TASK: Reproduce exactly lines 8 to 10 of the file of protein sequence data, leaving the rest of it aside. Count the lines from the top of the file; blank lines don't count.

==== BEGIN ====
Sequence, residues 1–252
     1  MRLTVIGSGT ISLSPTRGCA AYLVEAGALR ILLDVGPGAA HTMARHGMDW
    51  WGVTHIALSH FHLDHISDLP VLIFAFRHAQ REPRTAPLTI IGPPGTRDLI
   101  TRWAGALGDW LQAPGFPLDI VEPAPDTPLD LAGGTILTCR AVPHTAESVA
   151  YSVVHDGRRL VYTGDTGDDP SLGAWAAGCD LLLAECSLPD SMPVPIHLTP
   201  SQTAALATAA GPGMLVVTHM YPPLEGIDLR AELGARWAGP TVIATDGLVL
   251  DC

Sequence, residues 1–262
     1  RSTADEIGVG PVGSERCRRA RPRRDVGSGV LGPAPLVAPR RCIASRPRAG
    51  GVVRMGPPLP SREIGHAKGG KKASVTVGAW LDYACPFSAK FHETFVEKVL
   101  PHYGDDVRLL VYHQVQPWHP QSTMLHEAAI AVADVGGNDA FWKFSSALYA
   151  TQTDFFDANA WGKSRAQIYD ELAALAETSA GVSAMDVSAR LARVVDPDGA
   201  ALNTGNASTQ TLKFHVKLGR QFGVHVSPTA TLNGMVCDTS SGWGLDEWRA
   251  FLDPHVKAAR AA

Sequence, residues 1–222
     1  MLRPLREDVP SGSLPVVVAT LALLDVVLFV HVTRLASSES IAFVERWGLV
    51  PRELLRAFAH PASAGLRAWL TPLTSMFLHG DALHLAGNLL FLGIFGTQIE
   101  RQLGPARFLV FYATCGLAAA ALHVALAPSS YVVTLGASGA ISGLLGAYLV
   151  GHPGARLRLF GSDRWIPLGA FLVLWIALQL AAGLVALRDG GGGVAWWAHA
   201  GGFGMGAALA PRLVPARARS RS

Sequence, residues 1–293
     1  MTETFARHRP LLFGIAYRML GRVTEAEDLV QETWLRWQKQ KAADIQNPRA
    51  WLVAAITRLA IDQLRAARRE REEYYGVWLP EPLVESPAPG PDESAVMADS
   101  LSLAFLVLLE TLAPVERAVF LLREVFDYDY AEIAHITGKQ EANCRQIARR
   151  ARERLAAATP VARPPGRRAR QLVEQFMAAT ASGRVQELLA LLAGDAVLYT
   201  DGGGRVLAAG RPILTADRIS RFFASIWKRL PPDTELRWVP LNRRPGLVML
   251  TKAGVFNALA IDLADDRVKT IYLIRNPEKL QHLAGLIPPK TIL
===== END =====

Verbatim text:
Sequence, residues 1–262
     1  RSTADEIGVG PVGSERCRRA RPRRDVGSGV LGPAPLVAPR RCIASRPRAG
    51  GVVRMGPPLP SREIGHAKGG KKASVTVGAW LDYACPFSAK FHETFVEKVL